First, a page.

Justice, Healing, and Missional Leadership

A missional leader desiring a transformational community must focus on both transforming the community and allowing the community to be transformative. “To see mission as integral to formation and formation as integral to mission – this is the challenge before us,” (Howard, A Guide to Christian Spiritual Formation, 201). Missional formation, the balance of spiritual formation and missional discipleship, allows for a truly transformational community.

Elaine Heath’s discussion of the mystics provides beneficial examples of missional formation. “Christian mysticism is about the holy transformation of the mystic by God so that the mystic becomes instrumental in the holy transformation of God’s people. This transformation always results in missional action in the world,” (Heath, The Mystic Way of Evangelism, 5).

This ideal should not just apply to the mystic, but to all Christians. Christianity is about the holy transformation of our selves by God so that we might become instrumental in the holy transformation of God’s people. This transformation, which is central to what it means to be a Christian, should always result in missional action in the world. The holy transformation of God’s people should lead to holy transformation of the world.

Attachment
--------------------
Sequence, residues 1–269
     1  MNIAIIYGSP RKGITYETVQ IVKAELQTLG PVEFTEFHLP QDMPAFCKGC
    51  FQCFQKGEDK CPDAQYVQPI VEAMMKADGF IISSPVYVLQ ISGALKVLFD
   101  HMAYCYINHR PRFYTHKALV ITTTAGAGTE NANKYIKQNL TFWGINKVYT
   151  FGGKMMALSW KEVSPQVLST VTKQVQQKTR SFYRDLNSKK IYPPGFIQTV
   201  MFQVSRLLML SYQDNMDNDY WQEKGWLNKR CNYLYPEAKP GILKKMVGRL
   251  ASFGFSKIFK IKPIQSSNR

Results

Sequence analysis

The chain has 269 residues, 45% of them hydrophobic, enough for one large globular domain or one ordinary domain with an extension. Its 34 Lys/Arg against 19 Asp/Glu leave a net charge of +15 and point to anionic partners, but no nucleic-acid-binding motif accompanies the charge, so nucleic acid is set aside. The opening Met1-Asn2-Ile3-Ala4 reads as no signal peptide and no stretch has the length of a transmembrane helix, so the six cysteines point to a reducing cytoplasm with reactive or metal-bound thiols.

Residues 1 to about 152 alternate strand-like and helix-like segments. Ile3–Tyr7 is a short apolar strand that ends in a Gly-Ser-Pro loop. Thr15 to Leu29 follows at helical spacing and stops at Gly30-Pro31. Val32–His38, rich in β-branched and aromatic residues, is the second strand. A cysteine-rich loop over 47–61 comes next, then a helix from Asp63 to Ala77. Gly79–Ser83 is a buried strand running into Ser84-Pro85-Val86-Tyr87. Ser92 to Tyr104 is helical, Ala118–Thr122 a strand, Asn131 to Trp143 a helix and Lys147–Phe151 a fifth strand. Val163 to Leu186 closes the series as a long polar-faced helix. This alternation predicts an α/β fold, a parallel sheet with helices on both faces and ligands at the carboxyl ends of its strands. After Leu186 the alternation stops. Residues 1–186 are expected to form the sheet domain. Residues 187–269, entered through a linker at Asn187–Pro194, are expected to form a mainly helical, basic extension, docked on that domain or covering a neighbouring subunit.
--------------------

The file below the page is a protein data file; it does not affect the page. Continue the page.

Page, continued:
The holy transformation of God’s people should lead to holy transformation of the world.

A missional leader works as a catalyst and guide for this transformation, but they are not the cause of this transformation. “Those who could properly be called the great Christian mystics, such as St. John of the Cross, attained a radical degree of holy transformation as a result of their encounters with the Triune God,” (Heath, The Mystic Way of Evangelism, 5). God is the cause of transformation in our lives. Missional leaders help their communities experience transformation by modeling and teaching how to remain focused on God and how to continuously enter into the presence of God.

When a leader begins to focus too much on the church, they actually disrupt the transformation of the church. While this might sound counterintuitive, it is because the leader has begun to focus too much on the church and not enough on God. “Ironically, the more obsessively we focus on the church, the harder it is to focus on God, who is making all things new and is active in our everyday lives,” (Soerens, Everywhere You Look, 19). Transformation is a part of the gift of God’s grace. When we take our focus off of God, we inhibit our ability to accept this gift.

Leaning into another example of the mystics, a missional leader teaches their community the desires of God so that the community can make those desires their own. “Mystics are irresistibly drawn to become one with God and God’s purposes in the world,” (Heath, The Mystic Way of Evangelism, 9). The reordering of our desires to match God’s desire is constitutive of transformation, it is both part of transformation and produces more transformation.

“If we are going to experience a breakthrough, we need to have the courage to ask what God wants. To ask, ‘What is the desire of God?’ cuts to the chase in regard to what we believe about God. Then, in the next breath we must ask, ‘What do we really want?’ This question gets to the heart of discipleship,” (Soerens, Everywhere You Look, 32).